The Art of Deception
|This article does not cite any sources. (December 2008) (Learn how and when to remove this template message)|
||The topic of this article may not meet Wikipedia's general notability guideline. (February 2017) (Learn how and when to remove this template message)|
|Author||Kevin D. Mitnick
William L. Simon
|Publisher||John Wiley & Sons|
|October 4, 2002|
|LC Class||QA76.9.A25 M585 2002|
|Followed by||The Art of Intrusion|
The Art of Deception is a book by Kevin Mitnick that covers the art of social engineering. Part of the book is composed of real stories, and examples of how social engineering can be combined with hacking.
All, or nearly all, of the examples are fictional, but quite plausible. They expose the ease with which a skilled social engineer can subvert many rules most people take for granted. A few examples:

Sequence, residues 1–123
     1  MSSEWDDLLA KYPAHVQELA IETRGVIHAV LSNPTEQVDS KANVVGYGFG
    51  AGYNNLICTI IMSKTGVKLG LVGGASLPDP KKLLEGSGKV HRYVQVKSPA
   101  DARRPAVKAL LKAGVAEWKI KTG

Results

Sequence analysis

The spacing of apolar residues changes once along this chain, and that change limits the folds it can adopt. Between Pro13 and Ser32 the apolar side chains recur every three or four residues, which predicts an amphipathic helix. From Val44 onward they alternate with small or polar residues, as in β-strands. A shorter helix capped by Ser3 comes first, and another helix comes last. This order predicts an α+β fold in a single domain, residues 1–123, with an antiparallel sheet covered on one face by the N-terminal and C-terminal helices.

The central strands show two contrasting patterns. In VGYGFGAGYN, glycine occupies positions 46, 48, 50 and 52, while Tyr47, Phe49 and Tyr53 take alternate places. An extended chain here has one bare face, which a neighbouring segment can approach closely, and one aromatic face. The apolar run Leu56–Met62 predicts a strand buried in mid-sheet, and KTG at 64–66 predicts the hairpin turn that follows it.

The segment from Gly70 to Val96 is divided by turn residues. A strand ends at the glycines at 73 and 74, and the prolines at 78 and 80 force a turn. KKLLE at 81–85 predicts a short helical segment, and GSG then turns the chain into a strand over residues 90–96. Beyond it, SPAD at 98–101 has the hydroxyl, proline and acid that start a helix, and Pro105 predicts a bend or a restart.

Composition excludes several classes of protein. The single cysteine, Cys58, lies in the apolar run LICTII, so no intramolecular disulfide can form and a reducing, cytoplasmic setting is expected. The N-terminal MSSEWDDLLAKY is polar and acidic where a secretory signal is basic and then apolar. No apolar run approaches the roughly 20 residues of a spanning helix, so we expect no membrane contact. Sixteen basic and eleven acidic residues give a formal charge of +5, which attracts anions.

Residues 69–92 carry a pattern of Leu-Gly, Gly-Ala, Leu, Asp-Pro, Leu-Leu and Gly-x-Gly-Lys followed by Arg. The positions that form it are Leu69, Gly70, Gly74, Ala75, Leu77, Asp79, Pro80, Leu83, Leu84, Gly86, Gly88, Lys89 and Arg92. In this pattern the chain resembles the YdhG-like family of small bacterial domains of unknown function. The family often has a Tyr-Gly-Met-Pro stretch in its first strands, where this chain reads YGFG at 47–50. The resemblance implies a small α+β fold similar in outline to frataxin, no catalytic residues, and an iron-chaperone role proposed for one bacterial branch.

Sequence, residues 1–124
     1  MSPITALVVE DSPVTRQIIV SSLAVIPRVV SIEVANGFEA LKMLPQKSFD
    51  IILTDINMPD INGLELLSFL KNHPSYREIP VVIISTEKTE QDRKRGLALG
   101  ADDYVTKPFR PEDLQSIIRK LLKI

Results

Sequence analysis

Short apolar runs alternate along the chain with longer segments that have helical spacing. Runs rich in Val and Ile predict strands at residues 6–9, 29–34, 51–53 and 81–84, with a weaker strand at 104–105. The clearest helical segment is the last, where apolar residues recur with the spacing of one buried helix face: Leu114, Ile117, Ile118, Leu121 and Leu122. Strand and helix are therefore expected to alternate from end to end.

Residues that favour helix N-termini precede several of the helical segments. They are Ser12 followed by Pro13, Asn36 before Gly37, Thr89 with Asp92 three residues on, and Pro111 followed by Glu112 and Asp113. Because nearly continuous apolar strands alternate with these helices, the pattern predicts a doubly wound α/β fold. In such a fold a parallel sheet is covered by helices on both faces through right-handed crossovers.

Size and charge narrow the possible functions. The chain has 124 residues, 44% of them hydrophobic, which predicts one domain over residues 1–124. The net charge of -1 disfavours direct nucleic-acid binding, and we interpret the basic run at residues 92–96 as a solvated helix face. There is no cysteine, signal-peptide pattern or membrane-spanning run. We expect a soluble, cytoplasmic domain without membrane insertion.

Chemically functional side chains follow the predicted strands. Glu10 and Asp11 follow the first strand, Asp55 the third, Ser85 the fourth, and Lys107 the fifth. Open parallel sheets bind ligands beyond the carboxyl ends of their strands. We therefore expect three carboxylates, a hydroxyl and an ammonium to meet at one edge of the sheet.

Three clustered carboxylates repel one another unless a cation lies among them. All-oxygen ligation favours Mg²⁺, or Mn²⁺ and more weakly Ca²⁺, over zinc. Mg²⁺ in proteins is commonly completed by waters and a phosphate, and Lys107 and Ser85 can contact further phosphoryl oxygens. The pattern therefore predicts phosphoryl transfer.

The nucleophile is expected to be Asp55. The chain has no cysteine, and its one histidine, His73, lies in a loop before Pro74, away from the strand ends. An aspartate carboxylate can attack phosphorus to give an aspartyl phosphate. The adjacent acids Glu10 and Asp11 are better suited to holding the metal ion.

- A person gets out of a speeding ticket by fooling the police into revealing a time when the arresting officer will be out of town, and then requesting a court date coinciding with that time.
- A person gains access to a company's internal computer system, guarded by a password that changes daily, by waiting for a snowstorm and then calling the network center posing as a snowed-in employee who wants to work from home, tricking the operator into revealing today's password and access through duplicity.
- A person gains lots of proprietary information about a start-up company by waiting until the CEO is out of town, and then showing up at the company headquarters pretending to be a close friend and business associate of the CEO.
- A person gains access to a restricted area by approaching the door carrying a large box of books, and relying on people's propensity to hold the door open for others in that situation.
This book also, after giving an example, will tell what tricked/conned the victims of the scam, and how to prevent it in real life or business.
The book ends with Mitnick's strategy and business plans to prevent most if not all of the scams in the book.
|This article about a computer book or series of books is a stub. You can help Wikipedia by expanding it.|